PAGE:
I live in a built-up part of St Albans, but 5 minutes from us is an ancient Belgic defense monument called Beech Bottom Dyke, a huge living tree cathedral which snakes its way between a row of suburban houses and a light industrial estate. The origins of the dyke are unknown, but it was probably built between the two Roman Invasions making it about 2000 years old. Presently the accessible part is about a mile long, 30 metres wide and 10 metres deep with sloped sides. So many trees grow down its steep banks and there is a path along the top of both banks and another mysterious one down in the ditch itself.
Until the pandemic hit the dyke was a creepy forgotten place. I ran there with my dog occasionally, but I was always a bit nervous. Many local people seemed unaware that it was even there and in summer the paths got overgrown. But as that first lockdown Spring hit, people started to go there to marvel at the rich covering of bluebells that lined its banks.
As summer wore on and more people searched out places to exercise and take their kids, the dyke became a local favourite, including with me. I went there daily and noticed how its paths became well-worn with all the runners and dog walkers tramping them and the trees became strewn with impromptu swings set up by kids deprived of official playgrounds. Once we were allowed to paint in public again, I headed down to the dyke to try to capture something of the majestic beauty of this strange earthworks we’d all grown to love so much during our confinement. I completed this plein-air oil painting in the autumn as the low wintery sunshine peered over the edge of the dyke into its wonderous world of trees.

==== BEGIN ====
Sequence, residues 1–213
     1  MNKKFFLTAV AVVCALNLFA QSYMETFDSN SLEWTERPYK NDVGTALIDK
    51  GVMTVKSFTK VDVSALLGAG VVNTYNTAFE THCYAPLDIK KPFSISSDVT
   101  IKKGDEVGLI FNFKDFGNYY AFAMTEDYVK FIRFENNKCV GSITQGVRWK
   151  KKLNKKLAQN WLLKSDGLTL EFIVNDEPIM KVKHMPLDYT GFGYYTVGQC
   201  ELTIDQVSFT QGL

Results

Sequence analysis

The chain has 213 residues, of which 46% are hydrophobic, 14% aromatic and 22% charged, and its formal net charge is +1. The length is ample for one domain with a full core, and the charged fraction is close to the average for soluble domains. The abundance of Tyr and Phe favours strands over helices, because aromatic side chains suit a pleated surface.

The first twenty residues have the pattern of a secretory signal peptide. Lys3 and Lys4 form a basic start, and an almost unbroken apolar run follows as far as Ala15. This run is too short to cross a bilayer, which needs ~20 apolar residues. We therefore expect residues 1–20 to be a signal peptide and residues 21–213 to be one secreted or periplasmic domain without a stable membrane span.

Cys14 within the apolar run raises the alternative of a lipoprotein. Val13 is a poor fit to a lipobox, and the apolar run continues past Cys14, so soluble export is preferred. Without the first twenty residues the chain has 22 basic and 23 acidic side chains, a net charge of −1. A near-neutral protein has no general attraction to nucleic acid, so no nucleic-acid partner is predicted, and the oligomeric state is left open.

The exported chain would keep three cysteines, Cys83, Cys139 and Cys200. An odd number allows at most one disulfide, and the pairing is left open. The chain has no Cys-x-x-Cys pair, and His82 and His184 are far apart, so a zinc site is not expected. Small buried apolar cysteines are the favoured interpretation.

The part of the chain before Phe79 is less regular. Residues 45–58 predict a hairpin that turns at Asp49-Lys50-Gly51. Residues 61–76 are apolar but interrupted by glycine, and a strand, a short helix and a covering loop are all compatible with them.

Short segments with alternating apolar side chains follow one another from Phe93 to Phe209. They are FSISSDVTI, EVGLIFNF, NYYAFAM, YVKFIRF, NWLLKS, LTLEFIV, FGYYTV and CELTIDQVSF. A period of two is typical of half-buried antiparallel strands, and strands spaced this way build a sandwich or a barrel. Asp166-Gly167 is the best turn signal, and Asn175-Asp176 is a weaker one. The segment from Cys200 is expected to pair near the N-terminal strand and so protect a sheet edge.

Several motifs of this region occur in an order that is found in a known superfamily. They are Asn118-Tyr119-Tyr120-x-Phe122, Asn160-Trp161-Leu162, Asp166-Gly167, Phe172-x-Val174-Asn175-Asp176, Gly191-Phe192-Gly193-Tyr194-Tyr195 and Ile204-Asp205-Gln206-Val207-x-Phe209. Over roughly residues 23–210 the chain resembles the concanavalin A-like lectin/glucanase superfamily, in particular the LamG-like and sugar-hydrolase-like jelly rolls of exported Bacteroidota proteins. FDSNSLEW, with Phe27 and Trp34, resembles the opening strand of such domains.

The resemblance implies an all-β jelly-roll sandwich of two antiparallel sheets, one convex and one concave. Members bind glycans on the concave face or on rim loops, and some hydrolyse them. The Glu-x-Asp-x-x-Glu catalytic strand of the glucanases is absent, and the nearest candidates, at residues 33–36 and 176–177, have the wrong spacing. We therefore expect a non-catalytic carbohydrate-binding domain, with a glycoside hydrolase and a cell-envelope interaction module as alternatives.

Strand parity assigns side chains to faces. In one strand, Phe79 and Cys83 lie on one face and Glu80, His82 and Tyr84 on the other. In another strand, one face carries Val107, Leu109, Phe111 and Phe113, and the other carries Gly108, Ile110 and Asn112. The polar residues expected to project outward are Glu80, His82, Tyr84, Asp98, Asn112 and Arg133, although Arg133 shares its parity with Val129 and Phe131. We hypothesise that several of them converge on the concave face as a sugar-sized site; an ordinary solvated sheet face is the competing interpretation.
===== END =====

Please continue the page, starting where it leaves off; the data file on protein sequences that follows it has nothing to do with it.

Beech Bottom Dyke oil on ply, framed
Size: 44cm h x 34cm w
Price: £550 contact (please include the title of the work)